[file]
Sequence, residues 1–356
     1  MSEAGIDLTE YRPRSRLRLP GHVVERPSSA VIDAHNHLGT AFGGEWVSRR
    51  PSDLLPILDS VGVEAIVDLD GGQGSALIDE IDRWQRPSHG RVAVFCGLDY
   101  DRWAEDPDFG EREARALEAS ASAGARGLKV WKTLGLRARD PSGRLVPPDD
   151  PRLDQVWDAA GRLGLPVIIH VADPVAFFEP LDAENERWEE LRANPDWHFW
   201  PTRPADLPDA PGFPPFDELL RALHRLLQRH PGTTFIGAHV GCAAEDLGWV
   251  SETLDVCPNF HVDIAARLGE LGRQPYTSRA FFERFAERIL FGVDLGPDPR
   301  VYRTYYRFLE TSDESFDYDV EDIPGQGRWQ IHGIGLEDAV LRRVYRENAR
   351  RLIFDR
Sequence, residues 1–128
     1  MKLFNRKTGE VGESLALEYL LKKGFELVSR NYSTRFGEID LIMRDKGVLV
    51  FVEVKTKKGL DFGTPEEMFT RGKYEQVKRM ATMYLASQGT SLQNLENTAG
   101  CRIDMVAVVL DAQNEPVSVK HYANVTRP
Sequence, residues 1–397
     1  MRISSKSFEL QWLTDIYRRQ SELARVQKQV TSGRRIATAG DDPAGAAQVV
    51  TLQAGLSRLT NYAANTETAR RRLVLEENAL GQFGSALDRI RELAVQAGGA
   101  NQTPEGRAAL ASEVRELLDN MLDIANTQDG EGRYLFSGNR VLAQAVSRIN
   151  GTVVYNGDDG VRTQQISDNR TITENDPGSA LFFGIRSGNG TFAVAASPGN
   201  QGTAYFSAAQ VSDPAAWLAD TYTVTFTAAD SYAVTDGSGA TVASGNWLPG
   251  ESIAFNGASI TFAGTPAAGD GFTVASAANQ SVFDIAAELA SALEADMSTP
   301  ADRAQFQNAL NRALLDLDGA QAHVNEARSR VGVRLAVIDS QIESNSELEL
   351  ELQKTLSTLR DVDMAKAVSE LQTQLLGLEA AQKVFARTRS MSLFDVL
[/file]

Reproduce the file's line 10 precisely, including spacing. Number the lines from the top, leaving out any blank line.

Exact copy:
Sequence, residues 1–128